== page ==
“What is being done here is unprecedented. What are we trying to hide? Why not have it open like all others?” the longest-serving senator on Judiciary asked. Leahy observed that the only prior invocation of executive privilege for a Supreme Court nominee came from Ronald Reagan, when he nominated William Rehnquist. “And Republicans and Democrats went to him and said ‘Don’t do that!’ and he said, ‘OK, you’re right’…and he released the documents.”
Nothing like that has happened so far under Trump—or under Grassley.
Grassley was overmatched by his Democratic opponents, factually and temperamentally. But he had the gavel, and ultimately he had control. CNN kept Kavanaugh on split screen throughout the ruckus, and we got to watch him try to keep his face controlled. He mostly succeeded, smiling through the first 20 minutes of interruption, after that occasionally cracking into angst.
And so the hearing proceeded, with 10-minute opening statements laying out the stakes. Shockingly, Grassley admitted Republicans are trying to get back for the allegedly “shameful treatment of Robert Bork,” the Nixon solicitor general who carried out the Saturday Night Massacre but was rejected as Reagan’s Supreme Court nominee 31 years ago. Sasse mocked anti-Kavanaugh activists for “screaming protests saying women are going to die,” asking, “Where is the hysteria coming from?” (Note to Sasse: It’s not wise to accuse women who are defending their rights of hysteria.)
Another supposed anti-Trumper, Jeff Flake, joked around with Kavanaugh about their common love of sports before acknowledging the common problem facing everyone: Kavanaugh’s appointment by a lawless president, who on Monday tweeted his opposition to the indictments of two Republican supporters, Congressmen Chris Collins and Duncan Hunter, as they represented “two easy wins” in November.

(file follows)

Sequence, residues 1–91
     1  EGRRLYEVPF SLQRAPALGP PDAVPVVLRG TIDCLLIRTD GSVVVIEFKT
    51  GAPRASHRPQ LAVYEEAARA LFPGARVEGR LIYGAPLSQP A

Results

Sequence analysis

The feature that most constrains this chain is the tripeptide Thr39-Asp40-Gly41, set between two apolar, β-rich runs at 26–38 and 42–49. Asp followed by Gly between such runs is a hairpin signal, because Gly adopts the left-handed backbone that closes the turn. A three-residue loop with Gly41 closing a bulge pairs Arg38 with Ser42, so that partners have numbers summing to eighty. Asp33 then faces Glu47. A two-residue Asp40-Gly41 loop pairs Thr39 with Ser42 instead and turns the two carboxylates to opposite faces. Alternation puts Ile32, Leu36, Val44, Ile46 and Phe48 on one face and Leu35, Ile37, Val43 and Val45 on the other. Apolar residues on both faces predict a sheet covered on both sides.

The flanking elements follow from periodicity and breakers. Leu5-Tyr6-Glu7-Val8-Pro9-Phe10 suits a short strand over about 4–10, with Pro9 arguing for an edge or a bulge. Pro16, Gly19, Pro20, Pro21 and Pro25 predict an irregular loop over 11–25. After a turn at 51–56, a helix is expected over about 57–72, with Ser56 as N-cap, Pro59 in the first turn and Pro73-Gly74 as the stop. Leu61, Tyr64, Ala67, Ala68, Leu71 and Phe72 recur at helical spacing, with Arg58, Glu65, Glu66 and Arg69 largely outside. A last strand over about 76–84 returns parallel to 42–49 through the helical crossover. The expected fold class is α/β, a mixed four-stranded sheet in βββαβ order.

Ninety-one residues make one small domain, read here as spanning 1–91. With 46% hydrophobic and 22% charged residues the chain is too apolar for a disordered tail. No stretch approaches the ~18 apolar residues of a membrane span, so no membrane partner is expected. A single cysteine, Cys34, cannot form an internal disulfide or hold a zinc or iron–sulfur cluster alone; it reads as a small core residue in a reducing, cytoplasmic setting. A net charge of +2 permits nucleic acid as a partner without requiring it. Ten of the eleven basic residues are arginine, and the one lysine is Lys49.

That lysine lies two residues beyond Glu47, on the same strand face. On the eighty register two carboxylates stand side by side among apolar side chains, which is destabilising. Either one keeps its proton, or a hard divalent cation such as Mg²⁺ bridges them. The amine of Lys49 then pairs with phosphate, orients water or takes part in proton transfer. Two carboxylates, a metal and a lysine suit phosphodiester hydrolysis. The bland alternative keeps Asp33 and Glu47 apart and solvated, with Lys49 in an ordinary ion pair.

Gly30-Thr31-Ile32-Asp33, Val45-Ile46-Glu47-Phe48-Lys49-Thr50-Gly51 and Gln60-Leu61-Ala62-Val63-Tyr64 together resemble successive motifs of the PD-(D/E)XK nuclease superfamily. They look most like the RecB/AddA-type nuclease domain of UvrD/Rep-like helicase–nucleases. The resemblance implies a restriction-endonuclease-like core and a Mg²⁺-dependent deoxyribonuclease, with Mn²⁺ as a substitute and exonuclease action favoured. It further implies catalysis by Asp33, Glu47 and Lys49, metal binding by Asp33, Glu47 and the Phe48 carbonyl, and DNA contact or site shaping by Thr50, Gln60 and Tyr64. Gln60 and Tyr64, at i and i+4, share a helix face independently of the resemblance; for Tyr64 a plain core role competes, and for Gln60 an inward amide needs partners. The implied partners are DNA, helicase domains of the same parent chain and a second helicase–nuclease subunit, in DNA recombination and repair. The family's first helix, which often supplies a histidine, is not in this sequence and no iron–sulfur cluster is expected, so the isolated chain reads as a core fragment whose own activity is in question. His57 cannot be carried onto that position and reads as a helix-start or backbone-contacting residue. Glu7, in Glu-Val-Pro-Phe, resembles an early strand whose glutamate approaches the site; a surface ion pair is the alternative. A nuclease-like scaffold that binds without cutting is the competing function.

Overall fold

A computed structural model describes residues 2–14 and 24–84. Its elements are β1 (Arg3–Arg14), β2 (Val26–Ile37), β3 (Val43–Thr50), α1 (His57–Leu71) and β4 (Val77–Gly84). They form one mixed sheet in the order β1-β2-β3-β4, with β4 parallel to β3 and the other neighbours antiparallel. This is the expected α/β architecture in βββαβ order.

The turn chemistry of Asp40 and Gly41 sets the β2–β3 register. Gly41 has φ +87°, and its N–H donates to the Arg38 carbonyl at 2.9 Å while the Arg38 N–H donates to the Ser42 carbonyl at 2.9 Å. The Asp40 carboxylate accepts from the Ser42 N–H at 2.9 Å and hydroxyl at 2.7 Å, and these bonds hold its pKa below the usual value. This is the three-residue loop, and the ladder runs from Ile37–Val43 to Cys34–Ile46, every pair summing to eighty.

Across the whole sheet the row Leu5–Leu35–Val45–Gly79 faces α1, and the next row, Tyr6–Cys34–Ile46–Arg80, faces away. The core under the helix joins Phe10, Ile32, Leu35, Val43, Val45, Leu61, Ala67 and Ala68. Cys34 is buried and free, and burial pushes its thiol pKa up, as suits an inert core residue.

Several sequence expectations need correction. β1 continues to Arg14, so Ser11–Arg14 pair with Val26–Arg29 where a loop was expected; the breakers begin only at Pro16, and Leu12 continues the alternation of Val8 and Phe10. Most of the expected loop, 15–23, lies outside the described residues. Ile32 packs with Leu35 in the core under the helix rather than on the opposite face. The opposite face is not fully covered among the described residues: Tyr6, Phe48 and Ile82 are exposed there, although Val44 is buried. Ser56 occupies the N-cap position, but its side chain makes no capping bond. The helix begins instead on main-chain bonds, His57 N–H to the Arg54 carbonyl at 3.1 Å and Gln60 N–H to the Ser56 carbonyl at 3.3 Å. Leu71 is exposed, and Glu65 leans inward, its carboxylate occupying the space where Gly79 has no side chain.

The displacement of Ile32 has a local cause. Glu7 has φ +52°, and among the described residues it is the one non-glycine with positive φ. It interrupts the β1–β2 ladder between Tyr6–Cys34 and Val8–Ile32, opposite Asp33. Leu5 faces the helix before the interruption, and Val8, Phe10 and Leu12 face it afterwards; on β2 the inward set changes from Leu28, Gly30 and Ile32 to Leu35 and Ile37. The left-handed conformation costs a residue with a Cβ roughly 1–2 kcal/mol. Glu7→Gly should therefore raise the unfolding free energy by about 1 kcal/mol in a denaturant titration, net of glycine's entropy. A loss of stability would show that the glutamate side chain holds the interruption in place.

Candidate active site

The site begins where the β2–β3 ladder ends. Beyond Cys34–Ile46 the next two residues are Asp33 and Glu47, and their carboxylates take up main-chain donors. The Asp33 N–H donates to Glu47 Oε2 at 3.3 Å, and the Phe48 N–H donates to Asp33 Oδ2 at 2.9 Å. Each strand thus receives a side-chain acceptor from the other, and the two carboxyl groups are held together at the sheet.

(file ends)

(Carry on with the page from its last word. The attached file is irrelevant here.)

Though Flake expressed concern about that tweet, he didn’t join Democrats’ calls to delay the hearing, or to demand more documents from Kavanaugh’s voluminous employment files. When his turn came around, Blumenthal appealed to Kavanaugh himself to ask for a delay, saying otherwise there would be a “taint” or an “asterisk” next to his name. Senator Dick Durbin had made the same request earlier; Kavanaugh did not agree.
The nominee’s testimony weakly recapped the high points of his July introduction: tributes to his adorable daughters, his wife and parents, and the black and female clerks he’s hired, along with anodyne promises to follow the law and be a part of the Supreme Court “team.” Sadly, there are two teams on the court right now, and Kavanaugh’s record—on women’s rights, voting rights, and labor rights—leaves no doubt about which one he’ll join.
As feisty as all the Senate Democrats were on Tuesday, it must be said: Harris drew first blood, and among folks I talked to there was uncertainty as to whether she was the only Democrat to volunteer to interrupt Grassley, or just the first. Either way, she deserves credit. As important as the spine of Democratic senators was, the most devastating moment came when gun-safety advocate Fred Guttenberg, whose daughter, Jaime, was murdered at Parkland High School last February, tried to talk to Kavanaugh. The nominee refused to shake his hand and walked away.
Meanwhile, excerpts from Bob Woodward’s new book, Fear: Trump in the White House, interrupted the hearing coverage all day. We learned that Chief of Staff John Kelly called his boss an “idiot,” Defense Secretary James Mattis ignored Trump’s orders to kill Syrian President Bashir al Assad, and, onetime National Economic Adviser Gary Cohn “stole a letter off Trump’s desk” that would have withdrawn the United States from a trade agreement with South Korea. The revelations ought to give senators pause, especially given Kavanaugh’s expansive views of executive power.
The morning of anti-Kavanaugh protest pushed the whole process back by at least half a day—not enough to move it past the midterms, of course, when a blue wave might scare Republicans into doing their jobs of oversight. But who knows what the next week will hold? Winnie Wong promised that protesters are staying, texting me late Tuesday night from Senate minority leader Chuck Schumer’s office, where she said Women’s March organizers were eating Chinese food and plotting their next steps. Yes, you read that right.
“Until today, Democrats have really seemed cowed, not comfortable throwing themselves into opposition,” says Fallon. “This could get contagious if the Democrats keep it up.”